Drawn in Colour: Degas from the Burrell

John Westbrooke sees the French artist’s work from Glasgow put on show in London

The Red Ballet Skirts

The Red Ballet Skirts. About 1900. Pastel on tracing paper. The Burrell Collection, Glasgow. © CSG CIC Glasgow Museums Collection

Dancers on a Bench

Dancers on a Bench. About 1898. Pastel on tracing paper. Glasgow Museums: Art Gallery & Museums, Kelvingrove. © CSG CIC Glasgow Museums Collection

Jockeys in the Rain

Jockeys in the Rain. About 1883-6. Pastel on tracing paper. The Burrell Collection, Glasgow. © CSG CIC Glasgow Museums Collection

After the Bath Woman Drying Herself

After the Bath, Woman drying herself. About 1890-5. Pastel on paper.
© The National Gallery, London

Combing the Hair

Combing the Hair. About 1896. Oil on canvas.
© The National Gallery, London

Woman Looking through Field Glasses

Woman looking through Field Glasses. About 1869. Pencil and oil (essence) on paper. The Burrell Collection, Glasgow. © CSG CIC Glasgow Museums Collection

London’s national collections were famously slow off the mark when it came to acquiring the work of Impressionist painters. It was left to private individuals like the shipping tycoon Sir William Burrell, whose collection is one of the highlights of any visit to Glasgow.

But the Burrell Collection is closed for refurbishment until 2020, so an array of 20 works by Edgar Degas have come to the National Gallery in London, to be hung alongside the gallery’s own Degas oils and pastels, marking the centenary of the painter’s death on 27 September 1917.

As it happens, his death was significant for the gallery too: the auction of his own collection marked the first time it received government sanction to go out and purchase European works. It bought 13, though none of them was by Degas himself – it had had its eye on Combing the Hair but was outbid by Matisse and didn’t acquire it until the 1930s. So Glasgow’s temporary loss is London’s gain.

Degas had a conventional academic training in art and spent three years in Italy studying the old masters, before joining the Impressionist movement back in France. And yet his work doesn’t look like that of other Impressionists (he said he wasn’t one, he was a realist), or of old masters either.

He’s chiefly famous for painting ballet dancers: half of his works were devoted to them. He lived near the Paris Opera, which had its own corps de ballet, and visited it 54 times in 1885 alone; but he wasn’t interested in the grandeur of the building or its lavish productions, only in the ballerinas backstage.

The pair in The Red Ballet Skirts are lit from above, their shoulders shining while their feet are hidden in the shadow of the skirts. In Dancers on a Bench they’re resting, stretching, tying up shoes. In Preparation for the Class they’re accompanied by black-clad chaperones. Others rehearse or wait their turn to go on stage, none of them paying any attention to the artist watching them.

Degas preferred the malleable medium of pastel to slow-drying oil: sometimes he sketches in a background with a few zigzag lines, other times he smooths it into a consistent paste for a fully worked image. It might be built up layer by layer on tracing paper; he might add more sheets side by side to extend the picture. And the result often resembles Japanese work rather than that of Europe’s old masters: high point of view, tight cropping (one painting cuts off half of a circular staircase on one side and a dancer’s leg on the other), with large bare areas.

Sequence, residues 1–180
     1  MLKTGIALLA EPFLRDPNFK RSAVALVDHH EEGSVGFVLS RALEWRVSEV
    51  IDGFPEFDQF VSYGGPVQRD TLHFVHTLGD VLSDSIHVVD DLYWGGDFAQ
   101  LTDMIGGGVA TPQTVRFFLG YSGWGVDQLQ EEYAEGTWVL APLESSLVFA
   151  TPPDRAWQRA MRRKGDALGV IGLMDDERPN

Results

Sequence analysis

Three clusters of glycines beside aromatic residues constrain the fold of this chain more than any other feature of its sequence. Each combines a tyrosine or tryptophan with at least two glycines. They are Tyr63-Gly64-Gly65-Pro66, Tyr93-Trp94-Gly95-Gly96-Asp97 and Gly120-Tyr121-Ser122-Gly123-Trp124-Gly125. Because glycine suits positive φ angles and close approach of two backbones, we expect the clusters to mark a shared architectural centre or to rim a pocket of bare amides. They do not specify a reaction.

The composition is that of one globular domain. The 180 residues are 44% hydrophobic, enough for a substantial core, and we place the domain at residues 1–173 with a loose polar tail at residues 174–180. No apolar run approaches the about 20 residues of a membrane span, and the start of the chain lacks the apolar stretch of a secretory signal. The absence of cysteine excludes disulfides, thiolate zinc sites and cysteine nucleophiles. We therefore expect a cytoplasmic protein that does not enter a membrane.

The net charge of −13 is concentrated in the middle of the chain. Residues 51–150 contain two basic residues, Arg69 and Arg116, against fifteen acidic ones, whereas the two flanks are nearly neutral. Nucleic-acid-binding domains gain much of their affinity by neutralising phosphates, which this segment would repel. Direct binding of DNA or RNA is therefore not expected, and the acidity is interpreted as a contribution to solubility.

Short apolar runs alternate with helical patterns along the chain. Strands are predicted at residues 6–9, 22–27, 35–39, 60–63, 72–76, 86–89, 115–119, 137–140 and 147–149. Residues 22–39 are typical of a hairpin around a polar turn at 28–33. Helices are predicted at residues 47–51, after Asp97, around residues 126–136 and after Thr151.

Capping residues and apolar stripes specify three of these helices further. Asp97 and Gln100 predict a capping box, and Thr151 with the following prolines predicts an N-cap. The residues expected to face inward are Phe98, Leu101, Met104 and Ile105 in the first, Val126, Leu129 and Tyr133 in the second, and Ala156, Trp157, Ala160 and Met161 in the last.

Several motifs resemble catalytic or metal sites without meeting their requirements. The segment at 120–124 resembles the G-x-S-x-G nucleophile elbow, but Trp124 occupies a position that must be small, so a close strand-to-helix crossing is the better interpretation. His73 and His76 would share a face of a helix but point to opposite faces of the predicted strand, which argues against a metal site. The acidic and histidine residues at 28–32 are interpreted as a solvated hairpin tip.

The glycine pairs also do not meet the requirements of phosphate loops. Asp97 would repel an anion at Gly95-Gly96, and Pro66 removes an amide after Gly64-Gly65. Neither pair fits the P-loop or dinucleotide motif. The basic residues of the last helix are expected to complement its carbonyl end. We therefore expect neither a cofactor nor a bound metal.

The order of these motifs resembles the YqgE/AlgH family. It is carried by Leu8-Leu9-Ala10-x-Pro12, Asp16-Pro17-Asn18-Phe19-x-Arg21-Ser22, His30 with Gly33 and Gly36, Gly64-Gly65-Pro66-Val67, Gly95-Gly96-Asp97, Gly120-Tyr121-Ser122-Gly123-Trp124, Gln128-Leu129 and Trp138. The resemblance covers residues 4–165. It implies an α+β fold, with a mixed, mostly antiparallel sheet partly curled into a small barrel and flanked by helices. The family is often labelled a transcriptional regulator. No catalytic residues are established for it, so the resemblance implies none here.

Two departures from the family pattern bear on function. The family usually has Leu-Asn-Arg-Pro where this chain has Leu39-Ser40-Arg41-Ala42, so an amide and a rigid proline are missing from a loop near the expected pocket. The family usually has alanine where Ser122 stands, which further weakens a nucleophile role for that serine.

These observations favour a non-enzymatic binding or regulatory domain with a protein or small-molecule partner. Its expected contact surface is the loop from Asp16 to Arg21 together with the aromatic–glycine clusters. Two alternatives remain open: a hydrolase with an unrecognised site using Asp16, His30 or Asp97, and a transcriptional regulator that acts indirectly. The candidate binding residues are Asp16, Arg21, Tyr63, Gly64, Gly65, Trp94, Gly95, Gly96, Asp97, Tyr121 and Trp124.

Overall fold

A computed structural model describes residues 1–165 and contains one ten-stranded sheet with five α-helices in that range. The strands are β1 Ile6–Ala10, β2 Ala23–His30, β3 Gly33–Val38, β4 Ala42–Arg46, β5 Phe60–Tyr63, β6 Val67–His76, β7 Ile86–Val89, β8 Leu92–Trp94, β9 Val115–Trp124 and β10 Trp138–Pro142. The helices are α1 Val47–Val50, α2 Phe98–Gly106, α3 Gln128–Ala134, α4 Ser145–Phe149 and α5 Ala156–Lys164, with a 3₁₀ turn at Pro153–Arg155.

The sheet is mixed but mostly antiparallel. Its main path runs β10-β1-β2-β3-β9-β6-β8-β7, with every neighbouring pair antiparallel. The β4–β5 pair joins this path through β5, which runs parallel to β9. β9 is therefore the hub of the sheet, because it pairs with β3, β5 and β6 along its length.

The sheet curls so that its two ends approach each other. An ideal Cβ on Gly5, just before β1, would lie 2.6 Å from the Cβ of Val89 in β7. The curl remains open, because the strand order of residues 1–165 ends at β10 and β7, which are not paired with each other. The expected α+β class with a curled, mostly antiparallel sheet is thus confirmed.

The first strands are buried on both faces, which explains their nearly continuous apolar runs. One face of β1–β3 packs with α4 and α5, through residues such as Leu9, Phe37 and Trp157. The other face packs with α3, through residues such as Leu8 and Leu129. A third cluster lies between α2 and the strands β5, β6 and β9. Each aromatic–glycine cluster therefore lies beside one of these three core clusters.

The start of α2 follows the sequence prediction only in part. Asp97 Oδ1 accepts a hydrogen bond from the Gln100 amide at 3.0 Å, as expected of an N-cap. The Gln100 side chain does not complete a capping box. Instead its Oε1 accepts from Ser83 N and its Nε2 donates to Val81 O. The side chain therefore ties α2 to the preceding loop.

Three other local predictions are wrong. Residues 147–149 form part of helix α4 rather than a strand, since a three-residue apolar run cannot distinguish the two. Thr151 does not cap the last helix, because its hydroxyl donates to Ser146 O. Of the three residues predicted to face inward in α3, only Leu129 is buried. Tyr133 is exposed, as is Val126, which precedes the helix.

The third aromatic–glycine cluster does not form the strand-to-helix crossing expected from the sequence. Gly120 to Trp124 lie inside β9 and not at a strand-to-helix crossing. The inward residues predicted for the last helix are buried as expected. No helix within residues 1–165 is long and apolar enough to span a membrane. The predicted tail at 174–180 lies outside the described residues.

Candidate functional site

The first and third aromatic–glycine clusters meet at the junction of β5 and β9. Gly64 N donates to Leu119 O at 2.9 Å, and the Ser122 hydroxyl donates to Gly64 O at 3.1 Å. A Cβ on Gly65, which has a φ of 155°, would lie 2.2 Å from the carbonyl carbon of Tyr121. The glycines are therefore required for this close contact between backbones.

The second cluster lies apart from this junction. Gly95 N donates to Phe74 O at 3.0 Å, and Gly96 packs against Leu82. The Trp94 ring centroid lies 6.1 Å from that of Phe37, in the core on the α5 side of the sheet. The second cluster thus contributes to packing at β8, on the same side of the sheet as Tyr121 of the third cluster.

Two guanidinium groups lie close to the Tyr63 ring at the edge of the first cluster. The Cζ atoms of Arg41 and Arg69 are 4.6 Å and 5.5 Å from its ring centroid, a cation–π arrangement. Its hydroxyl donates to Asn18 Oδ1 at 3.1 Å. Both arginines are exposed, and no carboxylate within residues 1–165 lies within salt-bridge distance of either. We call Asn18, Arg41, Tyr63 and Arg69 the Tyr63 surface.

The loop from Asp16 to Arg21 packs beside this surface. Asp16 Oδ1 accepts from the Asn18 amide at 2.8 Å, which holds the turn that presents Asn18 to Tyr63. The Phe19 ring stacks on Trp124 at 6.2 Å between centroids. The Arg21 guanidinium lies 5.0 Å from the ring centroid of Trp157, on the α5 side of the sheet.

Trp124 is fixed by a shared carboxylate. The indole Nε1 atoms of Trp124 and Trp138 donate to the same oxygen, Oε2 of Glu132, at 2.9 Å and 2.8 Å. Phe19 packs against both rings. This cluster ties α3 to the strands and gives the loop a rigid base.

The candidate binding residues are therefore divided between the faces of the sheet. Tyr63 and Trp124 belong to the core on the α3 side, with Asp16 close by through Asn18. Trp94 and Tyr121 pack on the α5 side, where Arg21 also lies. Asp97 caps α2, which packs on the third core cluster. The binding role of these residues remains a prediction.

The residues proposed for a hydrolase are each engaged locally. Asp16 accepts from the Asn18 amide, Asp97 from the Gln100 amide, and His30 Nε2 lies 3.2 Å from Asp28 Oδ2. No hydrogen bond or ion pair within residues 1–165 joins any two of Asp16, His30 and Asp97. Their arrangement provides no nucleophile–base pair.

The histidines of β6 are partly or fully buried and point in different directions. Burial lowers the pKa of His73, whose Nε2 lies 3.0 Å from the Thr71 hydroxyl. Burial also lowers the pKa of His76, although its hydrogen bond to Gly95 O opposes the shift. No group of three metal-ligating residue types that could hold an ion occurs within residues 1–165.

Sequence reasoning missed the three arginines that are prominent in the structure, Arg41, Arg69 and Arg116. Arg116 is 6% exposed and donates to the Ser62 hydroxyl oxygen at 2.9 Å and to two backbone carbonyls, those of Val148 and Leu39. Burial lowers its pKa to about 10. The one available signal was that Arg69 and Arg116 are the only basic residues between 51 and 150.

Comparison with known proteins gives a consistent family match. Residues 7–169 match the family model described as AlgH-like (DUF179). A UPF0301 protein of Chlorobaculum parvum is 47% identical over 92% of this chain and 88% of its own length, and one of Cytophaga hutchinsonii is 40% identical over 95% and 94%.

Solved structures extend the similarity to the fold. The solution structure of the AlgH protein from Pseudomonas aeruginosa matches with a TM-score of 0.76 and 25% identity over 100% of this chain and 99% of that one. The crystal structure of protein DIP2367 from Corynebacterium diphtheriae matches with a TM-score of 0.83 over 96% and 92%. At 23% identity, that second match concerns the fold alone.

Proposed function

Ballet wasn’t his only subject. Like other Impressionists, he painted modern life. Paris was growing swiftly in the wake of the industrial revolution, and he was interested in the people he came across, at work or play, often ones who had seldom been seen in art: Ukrainian dancers performing, laundresses calling for the next bucket of clothing to wash, jockeys at one of the new racecourses lining up their horses in the rain.

The exhibition also devotes a room to the other motif for which Degas is known: women having a wash. These have always attracted some controversy.

The painter pointed out that most paintings of naked women presupposed an audience: they’re there to be gazed at. He’d already produced his own response to this: Woman Looking Through Field Glasses, in which, as if at the racecourse, a woman stares through binoculars, but directly at the viewer; she herself remains fully clad and inscrutable, her face hidden.

His bathing women mostly don’t have faces; he sees most of them from behind. Many are contorted, much as his ballerinas are: they look like ordinary people getting on with their ablutions, not trying to look alluring, not even aware they’re being observed. That’s the problem, say critics: caught unawares, they turn onlookers into voyeurs.

Perhaps. Looking at things is an artist’s job, and though Degas acknowledged that these works were like peering through a keyhole, he doesn’t seem to be trying to make us salivate over his models; you can’t even tell what sex some of them are until you read the name. Unlike his ballerinas, who have faces and bodies even if they’re too busy to turn them towards us, the bathers are most successful if seen as studies of the twists and turns of the human body.

As its title suggests, this is a dazzlingly colourful exhibition for the coming winter, a rare chance to see some of the finest of Degas’ work from London and Glasgow together, and it’s free .

Drawn in Colour: Degas from the Burrell, at the National Gallery in London until 7 May 2018. Free admission (donations welcome).

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